Chipmaker woes fuel recession worries

Semiconductor stocks took a beating on Friday after a grim profit warning from Idaho-based Micron Technology Inc sparked fresh concerns about the U.S.’s earnings power as the country falters. potentially leading to a recession.

Despite a broader stock market rally, the Philadelphia Stock Exchange’s semiconductor index fell 3.8% after Micron, the largest memory semiconductor maker in the United States, reported that demand was declining for chips used in computers and smartphones.

The index – home to US chip giants Advanced Micro Devices Inc and Nvidia Corp, as well as Micron – is down 38% this year.

Photo courtesy of Micron Technology Taiwan Inc

Historically, semiconductor stocks have been a key barometer for the stock market and the broader economy. The chips are used in a wide range of industries important for growth: appliances, data centers, games and artificial intelligence.

If conditions are weak for chips, it raises questions about demand in other segments of the economy, which is a worrying warning sign for the stock market, said Matt Maley, senior strategist at Miller Tabak. + Co.

“We didn’t have enough chips, and now the demand is down,” Maley said. “What signal does it send? This highlights a growing concern that the downturn we are going through is turning into a recession. »

The shortage of semiconductors, due to demand and supply factors, has eased somewhat, but production of some chips used in vehicles and household appliances remains limited. Disturbing reports from semiconductor companies ahead of their second-quarter results are raising fears that demand could outstrip supply for even longer.

“What this weakness indicates is that the economy is slowing down and there is potential for a recession,” said Tim Ghriskey, senior portfolio strategist at Ingalls & Snyder LLC. “The semi-finals are a red flag because they are really into everything. They are such an integral part of everything sold today. They are the most rudimentary equipment, so it is a major disadvantage for the economy.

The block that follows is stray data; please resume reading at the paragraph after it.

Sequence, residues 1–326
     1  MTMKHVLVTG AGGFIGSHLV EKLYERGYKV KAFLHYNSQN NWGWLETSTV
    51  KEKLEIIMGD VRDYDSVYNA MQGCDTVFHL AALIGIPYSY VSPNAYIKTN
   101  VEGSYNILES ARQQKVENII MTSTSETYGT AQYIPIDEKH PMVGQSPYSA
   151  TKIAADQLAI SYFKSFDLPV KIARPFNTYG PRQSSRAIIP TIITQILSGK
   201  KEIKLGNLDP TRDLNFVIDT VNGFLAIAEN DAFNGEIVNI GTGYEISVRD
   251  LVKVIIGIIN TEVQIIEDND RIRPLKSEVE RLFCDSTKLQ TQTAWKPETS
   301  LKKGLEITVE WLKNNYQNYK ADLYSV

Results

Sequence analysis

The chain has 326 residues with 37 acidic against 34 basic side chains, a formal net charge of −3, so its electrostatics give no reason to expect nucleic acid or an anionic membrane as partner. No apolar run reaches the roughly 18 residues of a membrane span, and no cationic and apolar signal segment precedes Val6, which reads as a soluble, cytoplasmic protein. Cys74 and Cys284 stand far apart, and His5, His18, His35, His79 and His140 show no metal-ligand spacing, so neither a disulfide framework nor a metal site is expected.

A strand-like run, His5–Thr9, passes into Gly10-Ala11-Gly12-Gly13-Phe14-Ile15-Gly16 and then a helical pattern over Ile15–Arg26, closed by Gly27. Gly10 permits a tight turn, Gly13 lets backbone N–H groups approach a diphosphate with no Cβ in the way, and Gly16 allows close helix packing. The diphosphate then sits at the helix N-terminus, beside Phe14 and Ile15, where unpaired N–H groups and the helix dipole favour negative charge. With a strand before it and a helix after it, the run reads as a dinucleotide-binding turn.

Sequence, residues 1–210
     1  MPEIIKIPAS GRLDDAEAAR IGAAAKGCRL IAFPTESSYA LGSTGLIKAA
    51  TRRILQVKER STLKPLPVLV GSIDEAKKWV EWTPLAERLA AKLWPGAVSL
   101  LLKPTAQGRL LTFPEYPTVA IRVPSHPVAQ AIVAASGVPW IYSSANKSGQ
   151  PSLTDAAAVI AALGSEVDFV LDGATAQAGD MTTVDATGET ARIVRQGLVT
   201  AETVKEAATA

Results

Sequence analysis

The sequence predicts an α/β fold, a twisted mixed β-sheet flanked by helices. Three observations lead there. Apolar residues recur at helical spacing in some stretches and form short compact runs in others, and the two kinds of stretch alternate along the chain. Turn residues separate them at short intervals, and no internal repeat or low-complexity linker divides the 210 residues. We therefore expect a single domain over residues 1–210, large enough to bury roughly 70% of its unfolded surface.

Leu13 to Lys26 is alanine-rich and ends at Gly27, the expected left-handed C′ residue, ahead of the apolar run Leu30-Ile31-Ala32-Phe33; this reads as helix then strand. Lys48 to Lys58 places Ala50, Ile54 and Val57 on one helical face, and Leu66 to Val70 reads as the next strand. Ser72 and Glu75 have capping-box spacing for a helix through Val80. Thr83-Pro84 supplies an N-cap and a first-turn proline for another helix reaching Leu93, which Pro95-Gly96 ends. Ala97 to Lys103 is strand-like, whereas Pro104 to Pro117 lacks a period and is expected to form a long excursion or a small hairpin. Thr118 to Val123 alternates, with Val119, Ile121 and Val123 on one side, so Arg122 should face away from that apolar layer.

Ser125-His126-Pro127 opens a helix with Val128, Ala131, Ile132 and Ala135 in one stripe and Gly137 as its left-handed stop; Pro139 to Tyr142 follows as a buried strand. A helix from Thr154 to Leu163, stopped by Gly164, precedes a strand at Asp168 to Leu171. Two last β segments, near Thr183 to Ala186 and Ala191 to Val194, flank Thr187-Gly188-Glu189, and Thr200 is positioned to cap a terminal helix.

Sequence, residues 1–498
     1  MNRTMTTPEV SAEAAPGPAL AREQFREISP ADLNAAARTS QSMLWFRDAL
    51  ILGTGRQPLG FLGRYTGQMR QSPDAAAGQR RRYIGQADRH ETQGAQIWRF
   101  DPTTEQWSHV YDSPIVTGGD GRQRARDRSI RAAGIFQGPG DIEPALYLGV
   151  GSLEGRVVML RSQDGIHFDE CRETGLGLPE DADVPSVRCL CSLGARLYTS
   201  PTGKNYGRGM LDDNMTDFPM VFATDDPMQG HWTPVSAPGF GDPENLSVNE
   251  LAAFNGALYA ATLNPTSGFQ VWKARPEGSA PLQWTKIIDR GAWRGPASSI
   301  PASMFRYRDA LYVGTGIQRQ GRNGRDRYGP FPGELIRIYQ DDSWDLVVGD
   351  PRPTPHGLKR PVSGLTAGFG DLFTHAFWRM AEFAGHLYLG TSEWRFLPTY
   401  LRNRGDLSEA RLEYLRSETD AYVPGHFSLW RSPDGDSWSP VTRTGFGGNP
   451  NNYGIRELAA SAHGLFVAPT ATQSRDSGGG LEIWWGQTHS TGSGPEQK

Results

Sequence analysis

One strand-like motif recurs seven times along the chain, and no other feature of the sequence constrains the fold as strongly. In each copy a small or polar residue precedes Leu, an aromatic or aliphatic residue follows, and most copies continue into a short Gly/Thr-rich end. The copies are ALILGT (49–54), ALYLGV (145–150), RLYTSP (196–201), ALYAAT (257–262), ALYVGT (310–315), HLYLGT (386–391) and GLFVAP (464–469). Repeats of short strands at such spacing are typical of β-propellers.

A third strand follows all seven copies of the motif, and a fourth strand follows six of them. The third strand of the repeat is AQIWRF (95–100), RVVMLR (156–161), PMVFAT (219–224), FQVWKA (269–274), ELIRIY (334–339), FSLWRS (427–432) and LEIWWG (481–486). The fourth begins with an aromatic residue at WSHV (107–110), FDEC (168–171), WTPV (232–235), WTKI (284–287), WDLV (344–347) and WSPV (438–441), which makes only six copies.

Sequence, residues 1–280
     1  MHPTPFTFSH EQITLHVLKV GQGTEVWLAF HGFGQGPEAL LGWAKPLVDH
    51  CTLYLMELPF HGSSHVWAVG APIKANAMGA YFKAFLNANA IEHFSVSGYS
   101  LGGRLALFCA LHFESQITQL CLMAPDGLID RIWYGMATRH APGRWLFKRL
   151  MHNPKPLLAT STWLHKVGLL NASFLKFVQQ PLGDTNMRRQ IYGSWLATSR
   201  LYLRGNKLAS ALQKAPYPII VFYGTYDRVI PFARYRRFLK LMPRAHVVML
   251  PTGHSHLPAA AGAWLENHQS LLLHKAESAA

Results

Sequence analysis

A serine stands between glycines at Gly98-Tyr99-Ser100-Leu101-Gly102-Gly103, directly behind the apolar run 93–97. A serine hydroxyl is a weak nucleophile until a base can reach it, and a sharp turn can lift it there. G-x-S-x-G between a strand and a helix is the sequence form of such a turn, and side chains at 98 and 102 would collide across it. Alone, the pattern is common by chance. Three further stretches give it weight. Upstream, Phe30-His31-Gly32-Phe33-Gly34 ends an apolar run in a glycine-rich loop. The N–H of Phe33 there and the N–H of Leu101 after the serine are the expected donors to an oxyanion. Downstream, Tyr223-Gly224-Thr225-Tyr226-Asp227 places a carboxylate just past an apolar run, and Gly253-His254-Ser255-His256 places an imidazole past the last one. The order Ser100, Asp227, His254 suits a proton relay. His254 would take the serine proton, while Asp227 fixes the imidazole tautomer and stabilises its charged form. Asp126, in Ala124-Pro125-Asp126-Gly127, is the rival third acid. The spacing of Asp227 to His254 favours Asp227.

Fears of an impending global recession and rising inflation levels are forcing consumers and businesses to moderate spending.

Global PC shipments are on track to decline 9.5% this year, research firm Gartner Inc.

“The second half of the year got off to a rather inauspicious start following pessimistic comments from Micron, which had negative implications for smartphones, data centers and overall demand for consumer discretionary goods,” he said. said Jim Dixon, senior equity trader at Mirabaud Securities. . “The disappointing forecast could be the prelude to an earnings recession.”

A report from Digitimes Asia added to the woes as the world’s largest contract chipmaker, Taiwan Semiconductor Manufacturing Co (TSMC, 台積電), saw major customers cut chip orders for the rest of this year.

Shares of TSMC fell 4.73% on Friday and have fallen around 26.26% so far this year.

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